Bobby Kotick of Santa Monica-based Activision makes his debut on Vanity Fair's New Establishment list, the magazine’s annual ranking of the top 100 movers and shakers. Kotick is No. 72, and if that doesn't seem like a big deal, consider that Russian Prime Minister Vladimir Putin is in the top spot and Rupert Murdoch is second. Kotick has been getting lots of press since Activision acquired Vivendi's Blizzard Entertainment division, which focuses on multi-player online game. Here's what VF says about Kotick:
SPHERE OF INFLUENCE: Last year Activision surpassed longtime market leader Electronic Arts to become the world’s biggest-selling video-game-maker when Kotick, 45, acquired Vivendi’s Blizzard Entertainment division, maker of World of Warcraft, the massively multi-player online game that has generated more than $1 billion in sales. The jewel of his portfolio: Guitar Hero, a billion-dollar seller that lets would-be rockers strum along on a fake guitar.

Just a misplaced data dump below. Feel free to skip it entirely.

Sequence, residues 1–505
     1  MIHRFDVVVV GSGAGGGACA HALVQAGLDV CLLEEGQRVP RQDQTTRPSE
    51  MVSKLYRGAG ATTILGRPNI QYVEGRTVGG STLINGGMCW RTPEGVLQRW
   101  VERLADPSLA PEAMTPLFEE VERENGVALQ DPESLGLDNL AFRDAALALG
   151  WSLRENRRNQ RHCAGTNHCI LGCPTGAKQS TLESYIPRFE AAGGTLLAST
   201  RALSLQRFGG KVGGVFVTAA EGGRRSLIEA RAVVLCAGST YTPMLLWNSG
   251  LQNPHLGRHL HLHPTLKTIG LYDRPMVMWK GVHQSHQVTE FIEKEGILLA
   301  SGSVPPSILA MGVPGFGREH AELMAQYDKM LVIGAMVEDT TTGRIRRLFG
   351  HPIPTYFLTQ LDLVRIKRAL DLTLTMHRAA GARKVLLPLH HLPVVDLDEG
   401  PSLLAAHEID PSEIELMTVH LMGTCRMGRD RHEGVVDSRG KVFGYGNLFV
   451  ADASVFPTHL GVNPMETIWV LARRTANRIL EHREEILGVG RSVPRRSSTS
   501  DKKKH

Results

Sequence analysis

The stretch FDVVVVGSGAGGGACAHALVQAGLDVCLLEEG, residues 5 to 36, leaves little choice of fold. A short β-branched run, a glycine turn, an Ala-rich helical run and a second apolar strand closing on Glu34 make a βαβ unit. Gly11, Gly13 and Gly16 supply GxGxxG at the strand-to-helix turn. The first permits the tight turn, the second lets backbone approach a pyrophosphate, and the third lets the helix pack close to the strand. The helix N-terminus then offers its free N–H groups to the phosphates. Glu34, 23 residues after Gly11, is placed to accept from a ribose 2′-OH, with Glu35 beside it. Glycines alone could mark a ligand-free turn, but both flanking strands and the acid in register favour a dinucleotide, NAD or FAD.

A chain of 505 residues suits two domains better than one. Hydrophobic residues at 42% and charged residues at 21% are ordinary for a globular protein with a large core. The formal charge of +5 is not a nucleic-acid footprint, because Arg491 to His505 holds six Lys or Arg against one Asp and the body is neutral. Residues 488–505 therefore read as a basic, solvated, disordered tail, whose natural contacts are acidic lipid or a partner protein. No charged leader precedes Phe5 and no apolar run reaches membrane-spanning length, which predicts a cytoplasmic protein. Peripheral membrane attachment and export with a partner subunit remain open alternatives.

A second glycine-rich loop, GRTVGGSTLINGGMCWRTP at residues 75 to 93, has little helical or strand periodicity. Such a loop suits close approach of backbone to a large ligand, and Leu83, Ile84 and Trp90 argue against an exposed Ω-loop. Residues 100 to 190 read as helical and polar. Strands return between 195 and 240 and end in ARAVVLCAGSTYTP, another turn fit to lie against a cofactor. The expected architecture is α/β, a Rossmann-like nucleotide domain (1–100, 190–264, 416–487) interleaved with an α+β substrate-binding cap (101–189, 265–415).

CRIB: A Beverly Hills home adorned with art from modern masters such as de Kooning.
FATHER FIGURE: Casino magnate Steve Wynn wrote a $300,000 check to Kotick, who dropped out of the University of Michigan to develop graphical software for the Apple II. (Steve Jobs pronounced it “garbage.”) The start-up failed, but in 1990 Wynn helped him take over Activision.
MEMENTO: A letter from Warren Buffett on his office wall.